There are several different ways of commonly identifying the "official centre point" of a city. However, there's little international consensus as to the definition of such a point, and in many countries and cities the definition is quite vague.
Most reliable and most common, is to declare a Kilometre Zero marker as a city's (and often a region's or even a country's) official centre. Also popular is the use of a central post office for this purpose. Other traditional centre points include a city's cathedral, its main railway station, its main clock tower (which may be atop the post office / cathedral / railway station), its tallest building, its central square, its seat of government, its main park, its most famous tourist landmark, or the historical spot at which the city was founded.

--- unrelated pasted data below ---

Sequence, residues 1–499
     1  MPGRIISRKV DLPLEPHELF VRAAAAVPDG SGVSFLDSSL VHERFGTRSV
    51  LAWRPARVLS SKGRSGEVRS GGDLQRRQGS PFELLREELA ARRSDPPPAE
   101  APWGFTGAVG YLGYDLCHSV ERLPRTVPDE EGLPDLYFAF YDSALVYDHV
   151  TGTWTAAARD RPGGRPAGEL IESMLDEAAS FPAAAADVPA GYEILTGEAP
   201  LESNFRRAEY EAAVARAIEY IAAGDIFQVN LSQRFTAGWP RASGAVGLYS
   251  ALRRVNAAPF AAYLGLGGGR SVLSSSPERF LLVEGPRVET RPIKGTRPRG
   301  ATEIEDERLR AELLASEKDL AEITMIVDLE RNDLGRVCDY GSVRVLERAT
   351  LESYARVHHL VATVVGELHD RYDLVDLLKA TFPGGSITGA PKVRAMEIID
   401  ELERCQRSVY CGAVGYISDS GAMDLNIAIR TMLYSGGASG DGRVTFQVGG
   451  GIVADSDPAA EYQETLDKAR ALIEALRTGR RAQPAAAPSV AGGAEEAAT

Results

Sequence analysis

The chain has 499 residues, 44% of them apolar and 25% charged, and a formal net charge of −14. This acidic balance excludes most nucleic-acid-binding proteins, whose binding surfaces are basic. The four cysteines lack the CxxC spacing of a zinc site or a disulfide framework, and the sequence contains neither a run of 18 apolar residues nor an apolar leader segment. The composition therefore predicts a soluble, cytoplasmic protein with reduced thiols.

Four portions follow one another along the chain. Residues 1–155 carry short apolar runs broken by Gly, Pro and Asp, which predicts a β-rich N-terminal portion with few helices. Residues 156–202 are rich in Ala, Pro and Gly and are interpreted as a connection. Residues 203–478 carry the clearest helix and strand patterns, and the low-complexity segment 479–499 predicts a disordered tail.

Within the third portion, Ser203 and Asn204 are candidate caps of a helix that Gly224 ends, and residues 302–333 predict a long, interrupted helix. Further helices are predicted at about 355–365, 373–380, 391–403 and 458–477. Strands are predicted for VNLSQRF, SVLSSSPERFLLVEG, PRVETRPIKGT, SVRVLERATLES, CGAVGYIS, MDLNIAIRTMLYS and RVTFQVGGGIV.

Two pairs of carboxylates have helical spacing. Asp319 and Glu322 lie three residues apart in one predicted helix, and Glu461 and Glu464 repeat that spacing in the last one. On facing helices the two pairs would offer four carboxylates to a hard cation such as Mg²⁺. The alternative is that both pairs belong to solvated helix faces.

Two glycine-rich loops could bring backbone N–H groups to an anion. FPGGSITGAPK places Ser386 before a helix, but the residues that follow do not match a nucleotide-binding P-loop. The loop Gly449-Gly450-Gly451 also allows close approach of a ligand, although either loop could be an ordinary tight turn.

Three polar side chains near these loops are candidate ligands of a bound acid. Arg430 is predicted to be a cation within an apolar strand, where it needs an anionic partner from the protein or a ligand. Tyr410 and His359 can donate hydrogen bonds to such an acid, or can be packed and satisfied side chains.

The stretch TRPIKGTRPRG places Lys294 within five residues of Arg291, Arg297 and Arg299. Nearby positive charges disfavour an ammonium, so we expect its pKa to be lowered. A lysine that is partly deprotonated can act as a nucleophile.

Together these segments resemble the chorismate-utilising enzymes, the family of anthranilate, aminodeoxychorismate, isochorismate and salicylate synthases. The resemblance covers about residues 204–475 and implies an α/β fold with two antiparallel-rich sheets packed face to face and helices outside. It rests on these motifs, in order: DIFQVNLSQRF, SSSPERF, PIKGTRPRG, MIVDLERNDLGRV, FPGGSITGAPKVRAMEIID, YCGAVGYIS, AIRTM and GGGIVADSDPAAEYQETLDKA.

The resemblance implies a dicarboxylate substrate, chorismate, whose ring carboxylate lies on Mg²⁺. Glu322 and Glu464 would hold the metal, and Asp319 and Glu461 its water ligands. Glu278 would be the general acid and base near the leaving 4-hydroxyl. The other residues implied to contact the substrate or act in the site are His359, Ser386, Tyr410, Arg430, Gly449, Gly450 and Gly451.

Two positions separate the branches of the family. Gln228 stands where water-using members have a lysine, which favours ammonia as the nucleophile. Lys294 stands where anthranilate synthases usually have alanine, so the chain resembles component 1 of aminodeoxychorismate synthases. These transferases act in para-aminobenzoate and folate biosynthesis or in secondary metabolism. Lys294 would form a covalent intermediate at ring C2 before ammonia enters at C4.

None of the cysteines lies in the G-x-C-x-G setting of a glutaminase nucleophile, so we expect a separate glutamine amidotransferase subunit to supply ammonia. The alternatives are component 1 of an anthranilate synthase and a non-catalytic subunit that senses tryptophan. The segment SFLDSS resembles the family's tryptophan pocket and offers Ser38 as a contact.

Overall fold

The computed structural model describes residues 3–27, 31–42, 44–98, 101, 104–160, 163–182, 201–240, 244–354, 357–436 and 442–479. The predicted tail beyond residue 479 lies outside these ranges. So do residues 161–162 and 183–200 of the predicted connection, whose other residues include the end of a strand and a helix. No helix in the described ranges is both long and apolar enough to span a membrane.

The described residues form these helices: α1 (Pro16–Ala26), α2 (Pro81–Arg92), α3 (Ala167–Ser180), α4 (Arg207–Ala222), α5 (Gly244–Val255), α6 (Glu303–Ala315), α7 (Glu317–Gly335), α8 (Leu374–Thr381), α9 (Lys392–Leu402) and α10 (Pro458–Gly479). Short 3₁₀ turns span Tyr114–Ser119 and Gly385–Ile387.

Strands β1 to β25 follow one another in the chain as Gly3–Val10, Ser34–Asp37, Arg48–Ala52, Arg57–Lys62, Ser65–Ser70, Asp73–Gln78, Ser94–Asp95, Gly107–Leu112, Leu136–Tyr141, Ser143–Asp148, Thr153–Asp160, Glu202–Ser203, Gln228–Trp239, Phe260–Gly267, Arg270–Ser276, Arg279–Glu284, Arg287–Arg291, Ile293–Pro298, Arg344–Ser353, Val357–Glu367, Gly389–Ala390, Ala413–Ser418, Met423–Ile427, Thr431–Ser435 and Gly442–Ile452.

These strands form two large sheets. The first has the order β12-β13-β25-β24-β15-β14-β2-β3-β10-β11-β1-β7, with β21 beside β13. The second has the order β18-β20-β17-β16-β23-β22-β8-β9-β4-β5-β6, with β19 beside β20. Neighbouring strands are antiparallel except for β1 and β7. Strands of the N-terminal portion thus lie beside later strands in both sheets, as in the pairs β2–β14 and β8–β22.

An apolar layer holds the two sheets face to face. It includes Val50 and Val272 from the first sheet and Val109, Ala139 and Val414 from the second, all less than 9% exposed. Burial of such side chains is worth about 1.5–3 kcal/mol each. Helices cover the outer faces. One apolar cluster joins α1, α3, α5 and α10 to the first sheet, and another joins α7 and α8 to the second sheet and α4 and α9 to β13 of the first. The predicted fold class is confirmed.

Satellite photo of Sydney CBD, annotated with locations of "official centre" candidates.
Image source: Satellite Imaging Corp.
My home town of Sydney, Australia, is one of a number of cities worldwide that boasts most of the above landmarks, but all in different locations, and without any mandated rule as to which of them constitutes the official city centre. So, where exactly in Sydney does X mark the spot?
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Availability last updated: 22 Jul 2015.